Northern Arizona residents woke up to a winter wonderland on Wednesday and forecasters warned of a lot more snow in the coming days. A powerful el Niño influenced storm has hit the coast of California, dumping much needed rains on a state stricken with a severe drought.
Emily Thornton, a NWS meteorologist in Los Angeles, said Tuesday’s storm was the strongest thus far of the El Niño season, which she said is expected to last into spring. The storms peak in January, February and March.
Rain drops bead on an vehicle window below the Golden Gate Bridge Tuesday, Jan. 5, 2016, in Sausalito, Calif. El Nino storms lined up in the Pacific, promising to drench parts of the West for more than two weeks and increasing fears… The crazy weather spawned numerous thunderstorms, a rare sight for southern California.
In Orange County, south of Los Angeles, a homeless man in his 40s was swept off his feet by swift waters and washed nearly a mile down Brea Creek in Buena Park before he pulled himself out, fire officials said. He was treated at a hospital for scraped feet and arms.
Around an inch was estimated to have fallen on Los Angeles. Shuttles were available to shelters that had room for as many as 6,000 beds, Los Angeles Mayor Eric Garcetti said. Police were prepared to temporarily detain people who were illegally camped along the Los Angeles River but refused to move. No victim was found and the report was not substantiated, the department said. The Water Resources Control Board announced Tuesday that Californians used 20 percent less water this past November than they did two years ago.
The National Weather Service is reporting preliminary rain and snowfall totals for California as the week’s El Nino-stoked storms start to wind down. Areas that were burned in recent wildfires are particularly vulnerable.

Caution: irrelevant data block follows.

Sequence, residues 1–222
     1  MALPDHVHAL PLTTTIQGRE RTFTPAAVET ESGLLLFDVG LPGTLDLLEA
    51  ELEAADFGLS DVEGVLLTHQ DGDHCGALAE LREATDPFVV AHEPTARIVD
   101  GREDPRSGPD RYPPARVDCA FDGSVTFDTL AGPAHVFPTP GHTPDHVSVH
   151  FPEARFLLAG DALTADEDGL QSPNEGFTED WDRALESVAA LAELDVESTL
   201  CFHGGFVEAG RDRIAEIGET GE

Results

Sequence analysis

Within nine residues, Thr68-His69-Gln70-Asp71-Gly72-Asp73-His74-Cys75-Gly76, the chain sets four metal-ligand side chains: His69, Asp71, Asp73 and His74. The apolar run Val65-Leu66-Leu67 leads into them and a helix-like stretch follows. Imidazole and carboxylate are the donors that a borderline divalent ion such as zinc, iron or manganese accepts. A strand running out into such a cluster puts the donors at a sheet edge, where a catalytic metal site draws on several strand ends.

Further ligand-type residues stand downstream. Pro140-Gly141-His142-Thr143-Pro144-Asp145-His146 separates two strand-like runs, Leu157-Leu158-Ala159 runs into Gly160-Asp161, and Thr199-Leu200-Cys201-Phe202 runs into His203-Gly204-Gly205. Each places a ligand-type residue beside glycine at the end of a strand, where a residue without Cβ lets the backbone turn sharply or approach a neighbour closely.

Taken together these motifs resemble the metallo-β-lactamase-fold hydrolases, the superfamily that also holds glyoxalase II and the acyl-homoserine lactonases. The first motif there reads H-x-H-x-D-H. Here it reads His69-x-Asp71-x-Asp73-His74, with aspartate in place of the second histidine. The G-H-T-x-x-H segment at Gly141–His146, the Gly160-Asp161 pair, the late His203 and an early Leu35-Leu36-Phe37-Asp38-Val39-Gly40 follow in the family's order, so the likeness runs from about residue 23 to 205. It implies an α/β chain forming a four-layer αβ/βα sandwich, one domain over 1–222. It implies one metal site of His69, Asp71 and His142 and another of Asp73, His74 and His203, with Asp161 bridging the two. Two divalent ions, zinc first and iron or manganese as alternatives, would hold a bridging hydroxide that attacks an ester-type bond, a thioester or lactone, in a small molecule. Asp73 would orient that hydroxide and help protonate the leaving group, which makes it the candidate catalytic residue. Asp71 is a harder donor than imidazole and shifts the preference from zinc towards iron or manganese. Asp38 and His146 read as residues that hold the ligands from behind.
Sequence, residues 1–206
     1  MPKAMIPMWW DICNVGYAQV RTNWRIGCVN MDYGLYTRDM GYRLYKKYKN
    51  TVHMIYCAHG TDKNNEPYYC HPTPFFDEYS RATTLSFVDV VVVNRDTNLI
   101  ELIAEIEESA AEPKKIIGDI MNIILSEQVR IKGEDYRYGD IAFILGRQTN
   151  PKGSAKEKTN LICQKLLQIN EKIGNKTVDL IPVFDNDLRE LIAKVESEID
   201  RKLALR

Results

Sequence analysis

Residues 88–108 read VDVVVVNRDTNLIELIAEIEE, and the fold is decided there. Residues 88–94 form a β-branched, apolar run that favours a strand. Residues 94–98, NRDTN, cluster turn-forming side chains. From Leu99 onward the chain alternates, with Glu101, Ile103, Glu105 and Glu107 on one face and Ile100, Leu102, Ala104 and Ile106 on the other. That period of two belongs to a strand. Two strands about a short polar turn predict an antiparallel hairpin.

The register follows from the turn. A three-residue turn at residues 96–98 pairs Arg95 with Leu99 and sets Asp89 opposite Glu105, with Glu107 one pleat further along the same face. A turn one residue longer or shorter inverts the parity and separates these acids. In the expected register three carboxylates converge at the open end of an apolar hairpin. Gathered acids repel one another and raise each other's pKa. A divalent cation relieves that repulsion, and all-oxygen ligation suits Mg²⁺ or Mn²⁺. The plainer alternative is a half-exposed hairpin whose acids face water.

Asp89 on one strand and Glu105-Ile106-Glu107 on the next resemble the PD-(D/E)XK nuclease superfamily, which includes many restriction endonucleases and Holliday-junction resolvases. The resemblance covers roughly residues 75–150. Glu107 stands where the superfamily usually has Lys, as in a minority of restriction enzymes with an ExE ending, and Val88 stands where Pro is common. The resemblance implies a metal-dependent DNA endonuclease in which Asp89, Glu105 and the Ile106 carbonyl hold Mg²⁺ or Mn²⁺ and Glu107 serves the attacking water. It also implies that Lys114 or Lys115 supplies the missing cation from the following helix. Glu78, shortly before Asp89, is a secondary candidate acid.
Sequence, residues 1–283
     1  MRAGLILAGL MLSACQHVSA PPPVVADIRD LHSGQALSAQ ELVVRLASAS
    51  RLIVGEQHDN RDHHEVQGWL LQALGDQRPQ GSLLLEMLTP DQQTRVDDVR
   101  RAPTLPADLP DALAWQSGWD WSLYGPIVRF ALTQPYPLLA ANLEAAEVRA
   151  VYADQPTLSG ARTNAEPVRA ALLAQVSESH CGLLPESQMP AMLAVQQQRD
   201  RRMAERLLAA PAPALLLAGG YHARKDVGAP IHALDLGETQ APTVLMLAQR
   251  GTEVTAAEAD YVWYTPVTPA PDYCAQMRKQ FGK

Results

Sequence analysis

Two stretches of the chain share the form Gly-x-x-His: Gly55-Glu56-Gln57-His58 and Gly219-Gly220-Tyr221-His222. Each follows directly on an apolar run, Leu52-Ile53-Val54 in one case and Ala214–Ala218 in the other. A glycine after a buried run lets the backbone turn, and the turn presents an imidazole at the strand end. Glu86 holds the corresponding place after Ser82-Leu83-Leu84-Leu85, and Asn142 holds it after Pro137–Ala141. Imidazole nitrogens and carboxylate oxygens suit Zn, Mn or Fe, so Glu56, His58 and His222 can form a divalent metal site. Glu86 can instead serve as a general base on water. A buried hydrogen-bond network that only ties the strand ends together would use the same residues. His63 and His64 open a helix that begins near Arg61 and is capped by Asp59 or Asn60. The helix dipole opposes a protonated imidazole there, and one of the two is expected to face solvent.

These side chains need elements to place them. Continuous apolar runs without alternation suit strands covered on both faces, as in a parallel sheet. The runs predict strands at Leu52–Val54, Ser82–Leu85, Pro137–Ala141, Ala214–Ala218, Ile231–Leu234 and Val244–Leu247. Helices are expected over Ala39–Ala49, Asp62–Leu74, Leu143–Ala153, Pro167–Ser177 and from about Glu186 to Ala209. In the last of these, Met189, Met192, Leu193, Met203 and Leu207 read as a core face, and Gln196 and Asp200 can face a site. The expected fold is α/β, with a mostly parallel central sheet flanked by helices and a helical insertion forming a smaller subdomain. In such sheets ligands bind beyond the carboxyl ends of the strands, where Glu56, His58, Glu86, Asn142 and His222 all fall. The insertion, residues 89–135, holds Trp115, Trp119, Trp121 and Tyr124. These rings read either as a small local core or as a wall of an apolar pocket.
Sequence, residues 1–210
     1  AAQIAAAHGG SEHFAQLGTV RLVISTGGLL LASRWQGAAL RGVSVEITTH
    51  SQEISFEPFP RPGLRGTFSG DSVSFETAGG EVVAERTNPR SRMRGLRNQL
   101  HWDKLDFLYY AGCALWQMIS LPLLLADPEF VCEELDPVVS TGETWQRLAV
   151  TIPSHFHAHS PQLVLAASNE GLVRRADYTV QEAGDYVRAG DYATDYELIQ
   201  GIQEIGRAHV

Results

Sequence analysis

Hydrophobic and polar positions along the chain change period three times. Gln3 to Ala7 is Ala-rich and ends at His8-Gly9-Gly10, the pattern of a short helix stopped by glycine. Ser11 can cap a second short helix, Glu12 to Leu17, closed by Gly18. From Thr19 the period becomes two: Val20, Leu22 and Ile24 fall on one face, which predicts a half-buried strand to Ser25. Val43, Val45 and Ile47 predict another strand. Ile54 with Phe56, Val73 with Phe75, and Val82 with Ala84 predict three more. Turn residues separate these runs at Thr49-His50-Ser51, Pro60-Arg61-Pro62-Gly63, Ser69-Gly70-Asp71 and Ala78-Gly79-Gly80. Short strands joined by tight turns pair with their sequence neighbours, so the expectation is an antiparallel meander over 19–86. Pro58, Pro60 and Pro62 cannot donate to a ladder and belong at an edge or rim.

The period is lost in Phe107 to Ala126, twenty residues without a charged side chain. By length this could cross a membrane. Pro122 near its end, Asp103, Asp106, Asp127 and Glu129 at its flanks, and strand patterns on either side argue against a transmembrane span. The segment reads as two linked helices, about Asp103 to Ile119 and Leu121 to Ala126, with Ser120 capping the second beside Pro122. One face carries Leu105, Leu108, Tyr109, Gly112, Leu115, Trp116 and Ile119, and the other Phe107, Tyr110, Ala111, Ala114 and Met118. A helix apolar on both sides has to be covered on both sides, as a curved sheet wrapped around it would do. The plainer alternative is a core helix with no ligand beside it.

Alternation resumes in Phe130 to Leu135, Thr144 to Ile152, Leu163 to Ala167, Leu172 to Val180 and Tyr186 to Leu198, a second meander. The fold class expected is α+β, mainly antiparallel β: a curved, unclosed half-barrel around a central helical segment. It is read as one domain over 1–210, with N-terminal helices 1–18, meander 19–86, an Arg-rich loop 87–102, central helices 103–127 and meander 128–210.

That falls short of Brown’s 25 percent conservation mandate for a second straight month, although board chairwoman Felicia Marcus said the state remains on track to meet his overall goal.
Well over two inches of rain fell on several mountain areas of Southern California on Wednesday, including 3.5 inches at the San Gabriel Dam in the Angeles National Forest.
“The best time to prepare is before a weather event happens, but there is still time to prepare at least a basic emergency kit for your home, your vehicle or your place of work”, said Brad Alexander, spokesman for the Governor’s Office of Emergency Services.
This year’s El Niño is forecast to tie the strength of the weather system seen in in 1997 and 1998, which is regarded as one of the most destructive ever.
California residents are hopeful that upcoming storms could quench the state’s drought problems, despite possibilities of catastrophe. But even a very wet winter won’t be enough to replenish water supplies depleted by four years of drought. They say there are also delays on buses and light-rail trains because they are running at reduced speeds. “We’ve got to keep it going”.